The following article has been contributed by Tess Pennington of Ready Nutrition.
Editor’s Note: With the onset of hurricane season, preparedness planning for those on the Gulf Coast should be a priority. This year, however, mass evacuations may be much more likely than in previous years because of the BP oil leak. There is much speculation about the possibility of toxic rains, oil infused storm surge and noxious air if a hurricane were to hit US shores. Federal and State governments have failed to be honest with the American people about the BP oil leak thus far, so we don’t expect them to be forthcoming about the dangers that a so-called “Oilcane” may bring until it is too late. We fully expect that any mandatory evacuations will lead to complete pandemonium in target communities as people panic about not just the hurricane, but the health hazards associated with the oil and dispersants in the water. Being prepared and ready to initiate your evacuation plan as soon as a hurricane’s path targets your community will get you out ahead of the crowd. One additional consideration to make this year is that oil hurricane stricken areas may be deemed unlivable by the Federal Emergency Management Agency, meaning that you may not be able to return home for weeks or months. While we hope this possibility is unlikely, take appropriate measures to plan for this worst-case scenario, as well.
Prepare For the Worst â€“ Mandatory Evacuations Planned for Louisianna, Mississippi, Alabama and Florida
BP, the government and the people of this nation have run out of time.Â The media blackouts cannot erase the proof ofÂ oil tides and dead carcassesÂ washing up onÂ the coast of the SouthernÂ Gulf States.Â Many are beginning to call this a modern day â€œBlack Death.â€Â There is no quick fix for this diabolical mess and no amount of money can be thrown at the problemÂ toÂ wish it away.Â Letâ€™s examine what we do know: the waters are toxic, the air is toxic, the rains are toxic,Â and soon the water sources will become toxic (We will not even go into the speculation that the methane in the water could cause an exponential explosion, thus creating a tsunami).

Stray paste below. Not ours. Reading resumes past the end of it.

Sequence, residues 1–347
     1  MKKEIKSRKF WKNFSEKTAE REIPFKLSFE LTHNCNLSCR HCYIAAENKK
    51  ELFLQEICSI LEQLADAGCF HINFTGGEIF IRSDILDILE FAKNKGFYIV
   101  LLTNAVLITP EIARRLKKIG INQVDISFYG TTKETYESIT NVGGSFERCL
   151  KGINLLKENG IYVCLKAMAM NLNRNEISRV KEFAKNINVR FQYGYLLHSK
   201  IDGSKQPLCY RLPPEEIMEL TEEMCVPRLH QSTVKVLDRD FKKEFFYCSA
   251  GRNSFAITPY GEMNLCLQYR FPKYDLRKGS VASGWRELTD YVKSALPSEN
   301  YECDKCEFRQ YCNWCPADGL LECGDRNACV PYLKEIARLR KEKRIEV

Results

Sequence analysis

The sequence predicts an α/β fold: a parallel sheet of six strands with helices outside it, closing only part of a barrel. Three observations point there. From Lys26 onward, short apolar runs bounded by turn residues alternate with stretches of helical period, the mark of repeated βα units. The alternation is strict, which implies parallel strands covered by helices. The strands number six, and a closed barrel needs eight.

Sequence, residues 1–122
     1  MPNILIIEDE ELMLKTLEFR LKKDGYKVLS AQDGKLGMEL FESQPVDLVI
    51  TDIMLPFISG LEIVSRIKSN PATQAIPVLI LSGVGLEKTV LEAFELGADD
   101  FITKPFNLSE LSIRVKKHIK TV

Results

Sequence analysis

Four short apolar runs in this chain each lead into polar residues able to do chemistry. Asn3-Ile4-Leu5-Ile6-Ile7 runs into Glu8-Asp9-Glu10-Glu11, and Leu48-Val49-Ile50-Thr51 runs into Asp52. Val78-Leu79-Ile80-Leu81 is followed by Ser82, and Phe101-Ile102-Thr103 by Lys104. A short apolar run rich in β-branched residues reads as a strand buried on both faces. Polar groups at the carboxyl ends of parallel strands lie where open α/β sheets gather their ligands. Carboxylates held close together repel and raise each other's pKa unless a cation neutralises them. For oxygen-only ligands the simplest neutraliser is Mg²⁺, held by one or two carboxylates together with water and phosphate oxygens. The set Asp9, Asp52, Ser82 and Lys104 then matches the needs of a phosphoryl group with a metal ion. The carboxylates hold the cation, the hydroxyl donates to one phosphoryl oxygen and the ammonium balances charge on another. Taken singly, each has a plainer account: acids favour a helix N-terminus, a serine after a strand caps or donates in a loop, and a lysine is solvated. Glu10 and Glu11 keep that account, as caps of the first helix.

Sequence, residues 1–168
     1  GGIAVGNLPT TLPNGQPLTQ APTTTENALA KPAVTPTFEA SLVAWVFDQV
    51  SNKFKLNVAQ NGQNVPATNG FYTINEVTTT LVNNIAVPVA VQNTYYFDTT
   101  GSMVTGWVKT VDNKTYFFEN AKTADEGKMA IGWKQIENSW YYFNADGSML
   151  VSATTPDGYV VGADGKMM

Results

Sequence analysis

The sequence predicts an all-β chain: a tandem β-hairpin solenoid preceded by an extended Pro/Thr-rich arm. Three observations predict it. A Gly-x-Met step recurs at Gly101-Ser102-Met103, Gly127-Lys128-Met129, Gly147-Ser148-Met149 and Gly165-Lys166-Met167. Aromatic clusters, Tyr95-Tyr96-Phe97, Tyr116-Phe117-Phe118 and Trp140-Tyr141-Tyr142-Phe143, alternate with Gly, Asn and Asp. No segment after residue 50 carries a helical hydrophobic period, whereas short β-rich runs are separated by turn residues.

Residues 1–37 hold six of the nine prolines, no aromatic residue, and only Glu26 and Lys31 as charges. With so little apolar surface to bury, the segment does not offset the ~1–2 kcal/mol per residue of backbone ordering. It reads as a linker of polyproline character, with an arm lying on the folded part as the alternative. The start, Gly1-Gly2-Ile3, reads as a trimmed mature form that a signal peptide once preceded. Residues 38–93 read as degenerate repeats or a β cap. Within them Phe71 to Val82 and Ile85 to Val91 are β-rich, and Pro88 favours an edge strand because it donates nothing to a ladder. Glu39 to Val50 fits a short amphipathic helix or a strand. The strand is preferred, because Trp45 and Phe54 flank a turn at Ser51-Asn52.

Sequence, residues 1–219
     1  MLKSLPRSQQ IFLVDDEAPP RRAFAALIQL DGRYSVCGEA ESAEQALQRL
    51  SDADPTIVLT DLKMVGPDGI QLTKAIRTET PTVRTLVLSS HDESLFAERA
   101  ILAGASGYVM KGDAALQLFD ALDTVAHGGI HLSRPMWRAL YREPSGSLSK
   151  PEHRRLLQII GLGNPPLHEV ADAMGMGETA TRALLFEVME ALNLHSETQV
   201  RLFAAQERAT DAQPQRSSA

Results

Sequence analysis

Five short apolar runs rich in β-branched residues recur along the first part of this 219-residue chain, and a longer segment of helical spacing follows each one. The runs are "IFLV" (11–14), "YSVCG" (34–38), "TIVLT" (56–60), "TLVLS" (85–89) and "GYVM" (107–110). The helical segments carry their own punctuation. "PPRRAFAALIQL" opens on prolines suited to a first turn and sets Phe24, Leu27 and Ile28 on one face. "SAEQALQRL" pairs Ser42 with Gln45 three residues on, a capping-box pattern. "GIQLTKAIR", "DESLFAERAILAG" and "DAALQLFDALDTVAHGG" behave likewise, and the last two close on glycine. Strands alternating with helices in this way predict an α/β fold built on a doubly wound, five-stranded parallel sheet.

According to an OilPrice.com article, emergency planners are dealing with a prospective â€œdead zoneâ€ within a 200 mile radius from the Deepwater Horizon disaster datum in the Gulf.Â Therefore, mass mandatory evacuations are being planned by government agencies.
The article indicates that government insiders are suggesting that â€œplans are being put in place for the mandatory evacuation of New Orleans, Baton Rouge, Mandeville, Hammond, Houma, Belle Chase, Chalmette, Slidell, Biloxi, Gulfport, Pensacola, Hattiesburg, Mobile, Bay Minette, Fort Walton Beach, Panama City, Crestview, and Pascagoula â€¦ The toxic rain from the Gulf is expected to poison fresh water reservoirs and lakes, streams, and rivers, which will also have a disastrous impact on agriculture and livestock, as well as drinking water, in the affected region.â€
The mass exodus and relocation of millions of families will happen.Â Itâ€™s just a matter of when and where these displaced citizens will go.
Wake Up and Be Prepared to Evacuate
Evacuating a Community â€“ With the threat of thousands of communities being displaced, there will be widespread chaos.Â Â If a mandatory evacuation is announced, theÂ faster a personÂ begins traveling to their destination the better chance of dodging traffic and anyÂ unnecessary stressful situations.Â If a person can evacuate before a mandatory evacuation has been announced, the better off they will be.
To expedite the process of preparing for a mandatory evacuation:
- A well defined preparedness plan with maps and alternative routes in place.Â Do not leave unless there is a plan in place.Â Additionally, prepare multiple plans if the initial plan does not work.
- Purchase maps to use during the course of the journey.
- A 72 hour bag that is ready to go for the family as well as a bag for any pets.
- Collect any family heirlooms or memorabilia.Â There may be a chance you will not see your home for a while.
- Have a small supply of food and water (at least 3-5 days worth).
- Leave as soon as possible.Â Do not wait until they have opened up the contraflow lanes to evacuate.
- Have some money set aside for an emergency.Â Prepare for some ATM machines and banksÂ to be closed.
- Make sure the Bug Out Vehicle (BOV) is well maintained.Â Having the proper items to keep it goingÂ can be of great value in a disaster situation.Â ItemsÂ such as fuel, oil, an extra tire, fix-a-flat, etc.
This article has been contributed by Tess Pennington of Ready Nutrition.